An American Dream
Double Happiness Vietnamese Style
Text: Johanna Kaestner
Photography: Kurty Photography
When Kurty sent me an email and
pictures of this wedding, I did not know what an interesting story this was going to
be. Coincidentally, this story of a Vietnamese family came to my attention just
as we are remembering the end of the Vietnam War, thirty years ago. Out of that
time comes a story which shows that dreams still can come true if you work hard to
make it happen.
||This story is the description of a
dream wedding, but the story begins much earlier in August 1978 when Hua
Ngo with his wife, Nag Lam, his four-year-old daughter, and his baby son
left Vietnam. The small family was among the Boat-People, who risked
their lives to leave their war-torn country in order to provide their
families with a better future. I remember the reports of these desperate
attempts, during which so many perished. The boat carrying Hua and his
family, thanks in part to Hua's navigational skills, safely reached
Malaysia's shores. They stayed in a camp for six months until their
sponsors' request was approved; on March 29, 1979 Hua and his family
arrived in San Francisco.
An unfortunate loss of the
commercial fishing boat he and friends had invested in, ended his first business
venture. Undaunted, Hua started a second venture. Early in the morning he bought
fresh seafood from independent fishermen and sold it to restaurants and
supermarkets in the San Francisco area. High quality and reasonable prices
brought him more and more customers, and his business took off. Today H & N
Foods has expanded into the international market, working with leading seafood
producers around the world.
|One of the happiest days in Hue's life
was when Christine, his daughter, joined the company. When she told him
about her plan to marry Dat, whom she had met at a cousin's wedding two
years prior, the proud father wanted to announce the wedding to the
whole world. Dath had the same Vietnamese/ Chinese background as
the Ngo family. He was industrious and hard working, and as far as Hua
was concerned, there could not be a better match. Christine's mother was
more interested in choosing a lucky date for the wedding and consulted a
Chinese fortune teller who suggested January 8, 2005.
Originally Christine had
imagined a small family wedding, but her father wanted the opposite. "You have
to think of your future as owner of our company and invite all of our business
friends," he told her. "After a large, extravagant wedding everybody will
remember you." So the first undertaking was the enormous guest list, which
included nearly 1500 names; 1,000 guests would actually attend. Right then
Christine knew she needed major help. At that time she worked at the company's
recently opened branch in Los Angeles. She turned to Kayla Pressman, of
Signature Events, who had impressively planned and executed the company's
Together they flew to San
Francisco to look at venues and event professionals. The only places large
enough to hold such a big crowd were the pavilions at Fort Mason. It takes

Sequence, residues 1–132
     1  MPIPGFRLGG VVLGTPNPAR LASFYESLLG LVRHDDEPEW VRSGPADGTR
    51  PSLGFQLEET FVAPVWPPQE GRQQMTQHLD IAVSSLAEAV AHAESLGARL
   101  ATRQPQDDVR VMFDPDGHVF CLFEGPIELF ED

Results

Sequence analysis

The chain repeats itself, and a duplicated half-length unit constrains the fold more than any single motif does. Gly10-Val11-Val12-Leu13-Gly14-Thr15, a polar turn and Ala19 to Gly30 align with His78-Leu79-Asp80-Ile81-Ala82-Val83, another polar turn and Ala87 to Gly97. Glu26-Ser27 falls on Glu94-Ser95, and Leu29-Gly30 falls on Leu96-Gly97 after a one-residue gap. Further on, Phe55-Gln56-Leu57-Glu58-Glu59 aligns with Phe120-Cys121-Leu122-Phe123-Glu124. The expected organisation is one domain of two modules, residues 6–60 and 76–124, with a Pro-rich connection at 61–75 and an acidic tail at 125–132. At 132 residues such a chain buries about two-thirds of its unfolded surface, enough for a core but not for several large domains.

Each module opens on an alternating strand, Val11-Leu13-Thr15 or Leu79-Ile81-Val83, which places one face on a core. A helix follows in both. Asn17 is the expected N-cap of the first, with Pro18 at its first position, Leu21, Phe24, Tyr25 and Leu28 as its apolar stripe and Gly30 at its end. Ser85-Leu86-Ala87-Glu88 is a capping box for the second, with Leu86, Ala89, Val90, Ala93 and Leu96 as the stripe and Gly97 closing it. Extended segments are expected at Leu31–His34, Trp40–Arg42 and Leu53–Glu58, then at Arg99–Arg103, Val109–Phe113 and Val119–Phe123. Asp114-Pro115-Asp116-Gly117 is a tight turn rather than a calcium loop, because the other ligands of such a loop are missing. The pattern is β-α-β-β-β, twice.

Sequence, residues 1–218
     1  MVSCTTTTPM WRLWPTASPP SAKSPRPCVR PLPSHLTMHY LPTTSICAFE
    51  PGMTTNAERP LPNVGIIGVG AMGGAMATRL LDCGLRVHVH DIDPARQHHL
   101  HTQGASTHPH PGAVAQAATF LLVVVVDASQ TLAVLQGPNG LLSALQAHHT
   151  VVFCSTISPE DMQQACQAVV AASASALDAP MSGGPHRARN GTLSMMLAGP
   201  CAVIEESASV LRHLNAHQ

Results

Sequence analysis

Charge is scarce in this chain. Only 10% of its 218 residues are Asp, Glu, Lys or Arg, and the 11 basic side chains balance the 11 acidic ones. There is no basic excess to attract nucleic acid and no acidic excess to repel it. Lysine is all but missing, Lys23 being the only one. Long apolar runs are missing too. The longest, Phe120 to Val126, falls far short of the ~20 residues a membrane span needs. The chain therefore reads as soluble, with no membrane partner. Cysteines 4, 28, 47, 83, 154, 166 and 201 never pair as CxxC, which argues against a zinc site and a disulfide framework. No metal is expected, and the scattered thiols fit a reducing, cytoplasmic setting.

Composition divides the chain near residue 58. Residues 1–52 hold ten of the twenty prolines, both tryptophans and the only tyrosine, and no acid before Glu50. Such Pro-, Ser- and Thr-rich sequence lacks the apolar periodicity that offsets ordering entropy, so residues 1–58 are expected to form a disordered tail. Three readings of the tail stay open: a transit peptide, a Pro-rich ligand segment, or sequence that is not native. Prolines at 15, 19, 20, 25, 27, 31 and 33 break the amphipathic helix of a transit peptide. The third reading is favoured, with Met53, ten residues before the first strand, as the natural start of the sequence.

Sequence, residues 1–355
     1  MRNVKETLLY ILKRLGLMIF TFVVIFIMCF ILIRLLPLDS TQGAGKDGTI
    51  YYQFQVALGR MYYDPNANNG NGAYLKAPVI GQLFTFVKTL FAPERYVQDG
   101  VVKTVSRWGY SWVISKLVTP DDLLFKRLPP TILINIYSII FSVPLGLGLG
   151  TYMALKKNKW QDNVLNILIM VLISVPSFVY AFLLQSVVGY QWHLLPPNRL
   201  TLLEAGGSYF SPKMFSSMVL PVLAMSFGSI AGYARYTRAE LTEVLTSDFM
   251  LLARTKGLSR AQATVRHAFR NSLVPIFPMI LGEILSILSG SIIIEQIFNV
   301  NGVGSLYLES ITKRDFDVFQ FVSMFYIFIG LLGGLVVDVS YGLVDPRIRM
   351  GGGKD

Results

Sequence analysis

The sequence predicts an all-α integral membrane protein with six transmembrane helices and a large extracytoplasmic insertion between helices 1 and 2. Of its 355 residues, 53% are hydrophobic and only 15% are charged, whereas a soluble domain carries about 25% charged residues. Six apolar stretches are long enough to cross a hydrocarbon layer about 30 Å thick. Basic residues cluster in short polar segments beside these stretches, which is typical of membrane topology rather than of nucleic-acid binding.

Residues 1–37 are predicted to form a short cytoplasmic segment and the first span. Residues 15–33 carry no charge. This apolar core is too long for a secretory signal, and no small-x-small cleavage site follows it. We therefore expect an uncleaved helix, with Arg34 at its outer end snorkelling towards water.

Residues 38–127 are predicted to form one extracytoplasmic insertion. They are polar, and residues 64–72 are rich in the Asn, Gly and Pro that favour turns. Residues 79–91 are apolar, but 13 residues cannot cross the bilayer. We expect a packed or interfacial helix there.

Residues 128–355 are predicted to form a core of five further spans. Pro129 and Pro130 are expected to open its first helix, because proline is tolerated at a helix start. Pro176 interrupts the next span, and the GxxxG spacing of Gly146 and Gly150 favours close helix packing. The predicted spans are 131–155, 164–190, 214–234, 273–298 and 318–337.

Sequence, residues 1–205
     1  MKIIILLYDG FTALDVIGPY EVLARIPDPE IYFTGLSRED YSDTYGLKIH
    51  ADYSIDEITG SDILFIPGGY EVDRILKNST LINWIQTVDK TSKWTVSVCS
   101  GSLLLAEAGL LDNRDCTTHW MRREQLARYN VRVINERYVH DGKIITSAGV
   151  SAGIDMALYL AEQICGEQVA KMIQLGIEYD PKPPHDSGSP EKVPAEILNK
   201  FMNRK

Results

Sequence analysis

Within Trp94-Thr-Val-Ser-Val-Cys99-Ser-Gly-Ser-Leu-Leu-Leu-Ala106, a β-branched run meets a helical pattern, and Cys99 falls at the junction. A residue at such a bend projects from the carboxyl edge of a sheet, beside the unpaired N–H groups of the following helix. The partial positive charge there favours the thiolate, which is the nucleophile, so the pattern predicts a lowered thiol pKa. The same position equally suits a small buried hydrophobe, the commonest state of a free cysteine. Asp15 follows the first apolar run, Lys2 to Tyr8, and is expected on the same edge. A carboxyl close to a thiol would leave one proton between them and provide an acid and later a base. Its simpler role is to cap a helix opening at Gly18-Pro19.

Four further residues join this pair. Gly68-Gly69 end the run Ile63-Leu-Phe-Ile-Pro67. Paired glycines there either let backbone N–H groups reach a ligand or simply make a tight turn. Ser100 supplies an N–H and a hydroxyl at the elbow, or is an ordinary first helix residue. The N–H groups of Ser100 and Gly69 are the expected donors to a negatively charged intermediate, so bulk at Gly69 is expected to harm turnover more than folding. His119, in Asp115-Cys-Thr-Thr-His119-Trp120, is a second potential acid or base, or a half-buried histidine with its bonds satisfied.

experience and knowledge to turn the plain facilities from which soldiers once
shipped to Asia into a festive reception hall. They picked McCall's Catering and
Event Design. Jane Hammond from Jane Hammond Events was the local representative
for Kayla. She recommended Torino Bakery, and Rose and Radish Flowers. Kurty
from Kurty Photography was Christine's pick. She had met him as a bridesmaid at
her aunt's wedding and really liked his personality as well as his fabulous
The wedding day celebrations
started about 10 o'clock when Dat and his family arrived at the Ngo family
residence. They brought the traditional wedding gifts: fruits, pastries, tea,
and wine, presented on lovely platters wrapped in red cellophane. Christine's
father accepted the presents and took the couple to the family shrine to burn
incense and to pray to their ancestors.
Chinese/Vietnamese Tea Ceremony, comparable to the western wedding ceremony,
followed. Christine dressed in the traditional red and gold Chinese ao dai
dress. She and Dat served bowed as they served tea to all the married relatives.
Only the immediate family
witnessed the American vows in the afternoon at the Vietnamese Ana Mandara
In late afternoon the pavilion
doors opened to the wedding guests. Guests entered through the foyer where they
were shielded from the elements by the surrounding transparent tent.
The plain walls had gone through a complete transformation.
The concrete was
hidden behind draped red fabric, huge red chandeliers in the shape of Chinese
lanterns enhanced the ambiance.
The tables appointed with red and golden linen
and spot-lit centerpieces surrounded the red and white dance floor. Light from
the ceiling splashed patterns on the floor.
Also spot-lit were the seven-tiered
wedding cake and the tremendous bouquets of cymbidium orchids scattered
throughout the room. Golden shimmering drapes defined the size of the large
stage, which was decorated with two light pyramids and two of the exceptional
cymbidium bouquets. Food stations displaying delectable food were strategically
placed around the pavilion.
The breath-taking reception
started with a cocktail hour and appetizers. About 8:30 two famous Vietnamese
MCs introduced the wedding party on the stage. Christine and Dat, realizing they
never visit personally with everyone, greeted the guests with thank-you speeches
from the stage. Mike Izumi of Zoom Productions projected images on the large
screens: a video montage from the couple's childhood years and excerpts of the
wedding ceremony. Entertainment was provided by a popular Vietnamese
singer and bands.
||"I felt as if I were at the Oscars with
a red carpet leading the way," Christine told me. What better
description for an American Dream come true!